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The Union Public Hotel, the first U.S. building believed to have been called a hotel, opened in Washington D.C. in 1793 and, ever since, the hotel business has been an industry of growth and redefinition.
In the ensuing years, hotels began to offer an ever-growing list of modern amenities, including private bathrooms, in-room air-conditioning, in-room television and 24-hour room service. But while free HBO might once have been a consumer draw, today’s travelers are demanding exponentially more from their accommodations.
Travelers no longer see hotels as just a place to sleep. Rather, they want them to be part of their overall destination experience or at the very least to provide a place to “come home to” after their day’s activities.
In particular, the hotel lobby has witnessed a revolution of sorts. The popularity of lifestyle hotels such as Aloft, Andaz and Edition can be partially attributed to lobbies that feature open-plan lounges and restaurants — with a resulting increase in hand-crafted cocktails and tasty snacks — as well as a variety of comfortable, nook-style seating and, of course, plenty of access to technology. Most major brands are rethinking their own hotel lobbies. Starwood Hotels, for example, announced that Sheraton would redesign more than 300 lobbies worldwide as part of an overall $4 billion revitalization plan.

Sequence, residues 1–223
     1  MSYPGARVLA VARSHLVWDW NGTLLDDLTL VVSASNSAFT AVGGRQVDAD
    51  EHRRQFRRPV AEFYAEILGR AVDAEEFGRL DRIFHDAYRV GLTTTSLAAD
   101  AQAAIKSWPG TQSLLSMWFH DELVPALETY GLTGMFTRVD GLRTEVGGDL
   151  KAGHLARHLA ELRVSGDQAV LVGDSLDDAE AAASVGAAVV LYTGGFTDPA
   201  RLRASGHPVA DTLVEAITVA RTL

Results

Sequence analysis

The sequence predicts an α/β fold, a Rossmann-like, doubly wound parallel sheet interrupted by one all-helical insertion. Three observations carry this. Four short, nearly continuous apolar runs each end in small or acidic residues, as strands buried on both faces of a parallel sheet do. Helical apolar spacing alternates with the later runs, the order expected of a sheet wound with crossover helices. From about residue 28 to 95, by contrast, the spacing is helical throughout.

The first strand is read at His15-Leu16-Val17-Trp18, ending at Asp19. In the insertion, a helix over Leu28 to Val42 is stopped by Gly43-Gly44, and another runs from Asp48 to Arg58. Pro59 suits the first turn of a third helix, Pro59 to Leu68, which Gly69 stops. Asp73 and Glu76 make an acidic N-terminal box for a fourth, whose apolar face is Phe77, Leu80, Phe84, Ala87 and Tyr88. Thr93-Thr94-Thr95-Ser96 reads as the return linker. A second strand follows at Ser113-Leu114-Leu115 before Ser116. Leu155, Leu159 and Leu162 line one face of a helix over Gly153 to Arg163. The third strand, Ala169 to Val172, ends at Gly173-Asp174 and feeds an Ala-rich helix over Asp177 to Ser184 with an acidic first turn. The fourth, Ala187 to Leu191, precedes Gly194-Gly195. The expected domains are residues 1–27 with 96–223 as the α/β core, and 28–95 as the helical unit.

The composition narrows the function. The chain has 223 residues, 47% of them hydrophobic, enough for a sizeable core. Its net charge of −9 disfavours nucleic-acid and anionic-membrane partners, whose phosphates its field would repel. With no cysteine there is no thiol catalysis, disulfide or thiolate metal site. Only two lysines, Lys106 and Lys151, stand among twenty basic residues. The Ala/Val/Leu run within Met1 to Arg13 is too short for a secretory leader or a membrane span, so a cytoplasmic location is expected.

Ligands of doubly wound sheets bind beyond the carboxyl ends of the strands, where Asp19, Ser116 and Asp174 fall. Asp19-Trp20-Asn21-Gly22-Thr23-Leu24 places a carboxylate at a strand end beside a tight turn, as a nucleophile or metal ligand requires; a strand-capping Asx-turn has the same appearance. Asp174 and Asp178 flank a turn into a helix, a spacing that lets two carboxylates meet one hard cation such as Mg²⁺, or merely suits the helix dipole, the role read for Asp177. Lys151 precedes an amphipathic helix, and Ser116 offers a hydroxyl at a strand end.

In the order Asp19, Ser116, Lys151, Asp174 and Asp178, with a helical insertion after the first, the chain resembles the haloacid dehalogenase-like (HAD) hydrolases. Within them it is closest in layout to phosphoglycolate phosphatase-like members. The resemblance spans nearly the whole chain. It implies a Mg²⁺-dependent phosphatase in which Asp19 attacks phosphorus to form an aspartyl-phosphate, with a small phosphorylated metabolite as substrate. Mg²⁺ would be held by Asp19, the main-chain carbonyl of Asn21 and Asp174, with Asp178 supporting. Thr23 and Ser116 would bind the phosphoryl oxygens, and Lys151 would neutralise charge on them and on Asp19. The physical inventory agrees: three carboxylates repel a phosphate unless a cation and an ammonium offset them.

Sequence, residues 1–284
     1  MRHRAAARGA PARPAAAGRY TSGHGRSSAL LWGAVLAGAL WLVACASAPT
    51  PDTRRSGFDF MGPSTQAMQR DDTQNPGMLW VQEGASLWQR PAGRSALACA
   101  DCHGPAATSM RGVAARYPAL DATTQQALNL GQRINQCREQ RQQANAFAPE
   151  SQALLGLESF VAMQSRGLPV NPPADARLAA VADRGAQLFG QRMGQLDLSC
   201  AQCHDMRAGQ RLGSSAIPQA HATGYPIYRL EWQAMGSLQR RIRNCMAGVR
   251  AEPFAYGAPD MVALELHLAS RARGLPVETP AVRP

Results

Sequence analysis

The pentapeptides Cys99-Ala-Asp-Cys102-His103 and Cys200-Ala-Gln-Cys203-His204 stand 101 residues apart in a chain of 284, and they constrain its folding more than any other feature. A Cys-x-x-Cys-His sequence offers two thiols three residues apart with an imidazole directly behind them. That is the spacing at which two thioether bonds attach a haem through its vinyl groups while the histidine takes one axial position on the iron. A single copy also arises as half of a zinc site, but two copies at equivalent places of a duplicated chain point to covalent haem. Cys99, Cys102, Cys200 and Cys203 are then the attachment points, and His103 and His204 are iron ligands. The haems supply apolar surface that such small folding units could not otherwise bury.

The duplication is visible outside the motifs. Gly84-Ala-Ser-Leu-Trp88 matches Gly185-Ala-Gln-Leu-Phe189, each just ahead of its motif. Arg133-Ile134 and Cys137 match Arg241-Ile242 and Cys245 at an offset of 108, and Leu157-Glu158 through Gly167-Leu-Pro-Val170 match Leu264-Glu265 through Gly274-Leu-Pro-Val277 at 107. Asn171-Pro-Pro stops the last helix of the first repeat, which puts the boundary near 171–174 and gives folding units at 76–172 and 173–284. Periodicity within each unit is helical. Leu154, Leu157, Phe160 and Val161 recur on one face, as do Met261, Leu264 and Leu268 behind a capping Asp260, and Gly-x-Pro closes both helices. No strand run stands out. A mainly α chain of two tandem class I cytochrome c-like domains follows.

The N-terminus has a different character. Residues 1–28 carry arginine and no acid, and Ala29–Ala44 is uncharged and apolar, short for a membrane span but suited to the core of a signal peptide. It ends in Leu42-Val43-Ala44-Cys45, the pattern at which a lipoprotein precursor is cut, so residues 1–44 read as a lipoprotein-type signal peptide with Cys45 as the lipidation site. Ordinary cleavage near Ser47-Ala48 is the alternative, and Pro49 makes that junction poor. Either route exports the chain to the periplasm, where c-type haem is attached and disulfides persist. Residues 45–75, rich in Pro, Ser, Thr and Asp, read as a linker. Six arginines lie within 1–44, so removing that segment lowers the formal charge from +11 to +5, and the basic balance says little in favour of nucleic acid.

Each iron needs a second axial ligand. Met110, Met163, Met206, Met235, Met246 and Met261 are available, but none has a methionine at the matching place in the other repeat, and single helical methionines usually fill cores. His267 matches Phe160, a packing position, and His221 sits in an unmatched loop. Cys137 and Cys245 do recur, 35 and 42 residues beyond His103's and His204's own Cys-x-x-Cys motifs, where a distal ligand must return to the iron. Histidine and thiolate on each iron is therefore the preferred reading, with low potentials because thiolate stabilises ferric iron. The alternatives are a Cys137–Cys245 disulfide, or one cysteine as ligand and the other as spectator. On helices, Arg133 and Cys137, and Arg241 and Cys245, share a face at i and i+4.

In addition to the lobby experience, hotel patrons are increasingly expectant of personalized attention during their stay.
A growing trend among luxury properties is the emergence of butler service. Beyond unpacking and making restaurant reservations, today’s butlers provide a variety of unique services. The tanning butler at Miami’s The Ritz-Carlton, South Beach, patrols the beach offering guests tanning lotions and application services, while the fireplace butler at the Taj Boston helps executive suite guests set the mood with the right wood for their in-room fire.
Hotels are also placing an increased emphasis on itinerary planning, specialized concierge programs and curated guest experiences.
Peninsula Hotels offers a series of high-end activities designed to bring each destination to life through its Peninsula Academy, with programs such as a backstage tour of Broadway theaters, elephant rides in Thailand and helicopter rides over the Great Wall of China.
As travelers continue to demand increasingly more personalized attention from their accommodations, hotels will continue to roll out a staggering lineup of guest experiences. This growth in hotel offerings can provide a lucrative source of income for informed travel agents who have more opportunities than ever to match their clients with the exact experience they are seeking.
Read about The Royal Hawaiian's new luxury program.